"Probably the same place Anne's 'being a witch' story came from, because that was how i was first introduced to Anne Boleyn, and i was honestly under the impression for years that Anne Boleyn was a witch, but then again, i was only a child!"
lol! And like the fact that I genuinely believed she had three breasts and six fingers for the longest time (though I was a child as well at the time!). I swear the Horrible History books didn't help...
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Maggie-AnneB.
Maggie-AnneB.
9. RE: The myth of Cromwell's execution
Jun 3 2009, 5:27 AM EDT | Post edited: Jun 3 2009, 5:27 AM EDT
Kate your back! LOL. I had first heard about Cromwell's execution when I first took interest in him and I started researching him. Although there isn't anything backing up those claims, the people (Historians, Authors, etc.) seem pretty certain that it took 3 strokes by a young teenager. It's rather annoying that no one else, other than Hall, wrote down on what happened at Cromwell's execution. 3  out of 3 found this valuable. Do you?    
MsSquirrly
MsSquirrly
10. RE: The myth of Cromwell's execution
Jun 3 2009, 5:39 AM EDT | Post edited: Jun 3 2009, 5:43 AM EDT
As they say...History is written by the victors...at the time that rumours get spread, it was usually either the protestants or the catholics who "at the moment" were victors and started these stories. However, it has to be said that even Cromwell himself was not averse to spreading a bit of propaganda. Remember he was the one in control of the case against Anne Boleyn & the men who were executed along with her. Brereton for instance had very little to do with Anne but Cromwell had an interest in his lands in Wales and northern England.

Also another myth about Cromwell is that his downfall was totally due to the Anne of Cleves marriage. It certainly made him vulnerable to the political manoueverings against him because Henry was not well-pleased with him and felt the whole thing hadn't been "well-handled"...but it was in main due to the fact that the Duke of Norfolk joined with the catholic bishops against him ( ironically as he had done when the Boleyn faction was brought down) and evidence was planted in his home in the form of incriminating letters to lutherans. Check out his historical profile here : http://tudorswiki.sho.com/page/Thomas+Cromwell++-+Historical+Profile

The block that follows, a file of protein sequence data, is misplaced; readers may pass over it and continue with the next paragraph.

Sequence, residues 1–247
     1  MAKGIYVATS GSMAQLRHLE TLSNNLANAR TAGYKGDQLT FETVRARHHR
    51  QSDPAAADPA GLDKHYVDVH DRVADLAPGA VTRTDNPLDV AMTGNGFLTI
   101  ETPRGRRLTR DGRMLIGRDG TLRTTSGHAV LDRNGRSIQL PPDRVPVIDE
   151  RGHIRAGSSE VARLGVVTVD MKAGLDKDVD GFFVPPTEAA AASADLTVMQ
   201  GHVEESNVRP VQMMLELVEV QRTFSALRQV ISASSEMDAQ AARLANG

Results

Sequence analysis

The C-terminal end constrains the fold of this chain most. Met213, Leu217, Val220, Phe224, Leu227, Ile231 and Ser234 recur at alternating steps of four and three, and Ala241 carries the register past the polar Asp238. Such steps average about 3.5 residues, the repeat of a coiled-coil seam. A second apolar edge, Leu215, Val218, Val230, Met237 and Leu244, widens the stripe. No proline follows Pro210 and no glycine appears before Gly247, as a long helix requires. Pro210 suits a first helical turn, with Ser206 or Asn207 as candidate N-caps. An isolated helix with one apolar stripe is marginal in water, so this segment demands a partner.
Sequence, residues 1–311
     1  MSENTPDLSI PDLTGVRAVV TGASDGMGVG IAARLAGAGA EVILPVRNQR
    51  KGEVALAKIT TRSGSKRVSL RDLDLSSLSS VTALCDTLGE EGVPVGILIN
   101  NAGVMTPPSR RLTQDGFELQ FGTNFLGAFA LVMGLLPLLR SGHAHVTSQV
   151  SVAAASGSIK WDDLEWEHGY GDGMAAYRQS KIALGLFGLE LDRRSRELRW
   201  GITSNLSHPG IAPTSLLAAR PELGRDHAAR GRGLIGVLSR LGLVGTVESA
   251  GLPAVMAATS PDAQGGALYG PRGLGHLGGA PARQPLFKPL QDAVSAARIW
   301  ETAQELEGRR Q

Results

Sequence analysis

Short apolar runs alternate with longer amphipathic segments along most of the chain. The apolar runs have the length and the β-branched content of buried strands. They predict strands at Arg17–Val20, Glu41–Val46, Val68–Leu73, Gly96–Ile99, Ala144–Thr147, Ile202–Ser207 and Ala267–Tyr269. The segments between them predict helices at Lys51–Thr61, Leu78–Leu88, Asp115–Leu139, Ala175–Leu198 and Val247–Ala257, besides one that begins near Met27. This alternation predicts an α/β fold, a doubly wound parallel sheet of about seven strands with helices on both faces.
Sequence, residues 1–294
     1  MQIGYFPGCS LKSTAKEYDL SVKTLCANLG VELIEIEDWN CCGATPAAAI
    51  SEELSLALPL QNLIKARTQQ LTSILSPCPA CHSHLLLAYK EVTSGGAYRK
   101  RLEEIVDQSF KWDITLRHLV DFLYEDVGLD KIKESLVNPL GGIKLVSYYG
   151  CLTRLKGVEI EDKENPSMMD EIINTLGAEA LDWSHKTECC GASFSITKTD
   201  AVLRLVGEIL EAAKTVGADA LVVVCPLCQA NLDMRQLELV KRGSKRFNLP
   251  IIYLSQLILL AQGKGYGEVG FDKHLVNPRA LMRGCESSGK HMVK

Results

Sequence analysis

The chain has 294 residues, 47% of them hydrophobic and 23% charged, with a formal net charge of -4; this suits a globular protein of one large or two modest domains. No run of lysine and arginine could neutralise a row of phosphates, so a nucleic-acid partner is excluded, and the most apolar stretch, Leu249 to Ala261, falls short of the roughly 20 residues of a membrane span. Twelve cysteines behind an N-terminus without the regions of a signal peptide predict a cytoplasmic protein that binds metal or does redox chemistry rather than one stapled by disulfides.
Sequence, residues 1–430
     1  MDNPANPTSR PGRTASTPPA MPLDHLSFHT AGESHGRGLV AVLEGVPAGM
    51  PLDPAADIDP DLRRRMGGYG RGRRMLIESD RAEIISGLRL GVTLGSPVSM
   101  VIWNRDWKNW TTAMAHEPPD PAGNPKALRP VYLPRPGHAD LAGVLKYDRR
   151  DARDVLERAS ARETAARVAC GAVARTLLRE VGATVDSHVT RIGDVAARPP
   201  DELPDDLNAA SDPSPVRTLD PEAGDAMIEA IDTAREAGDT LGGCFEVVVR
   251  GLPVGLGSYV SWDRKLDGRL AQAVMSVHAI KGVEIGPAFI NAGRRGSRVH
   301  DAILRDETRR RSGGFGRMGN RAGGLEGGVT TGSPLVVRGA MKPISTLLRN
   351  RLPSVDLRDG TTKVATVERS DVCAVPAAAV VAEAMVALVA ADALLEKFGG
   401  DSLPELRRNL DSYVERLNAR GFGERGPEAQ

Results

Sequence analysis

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MsSquirrly
MsSquirrly
11. RE: The myth of Cromwell's execution
Jun 3 2009, 5:42 AM EDT | Post edited: Jun 3 2009, 5:42 AM EDT
Also, there are many questions on this page : http://tudorswiki.sho.com/page/Thomas+Cromwell+Controversies

- If Cromwell fell from favour because of the Anne of Cleves marriage, as most believe, why did Henry title him Earl of Essex in April 1540 - several months AFTER the marriage had been finalized and while negotiations for divorce were underway?

- If Cromwell was executed because his government policies angered the king, as has been alleged, why did Henry give his voluntary approval to ALL of Cromwell's legislation?

- If his enemies were in the ascendancy, why had Henry only recently shown Thomas Howard, 3rd duke of Norfolk (Cromwell's great enemy) open favor? After all, Norfolk had just been sent abroad on diplomatic work - away from the king.

- He was NOT accused of misleading Henry on matters of policy, he was NOT held responsible for the disastrous marriage, and he was NOT charged with leading England into an unwanted Lutheran alliance.

The main part of his attainder was HERESY. It was reported that in March 1539 Cromwell said that, even if Henry turned from Protestantism, 'yet I would not turn, and if the king did turn, and all his people, I would fight in this field in mine own person, with my sword in my hand against him and all other'. And THAT was treason.
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Naphae
Naphae
12. RE: The myth of Cromwell's execution
Jun 3 2009, 6:12 AM EDT | Post edited: Jun 3 2009, 6:12 AM EDT
I am confused by another statement, too:

"There were other unconfirmed reports of Cromwell's recent behavior Enraged that the King. Sir John Wallop (an enemy of the former Lord Privy Seal) had told Henry that he had heard from various foreign sources that Cromwell intended to make himself king and that he intended to marry Princess Mary. "
Source: R. Hutchinson "Thomas Cromwell - The Rise and Fall of Henry VIII's most notorious minister"

Where did the people these statements? For me it's rather ridiculous. These statements are never credible. These people seemed to really use any means to be right.
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Nofretete
Nofretete
13. RE: The myth of Cromwell's execution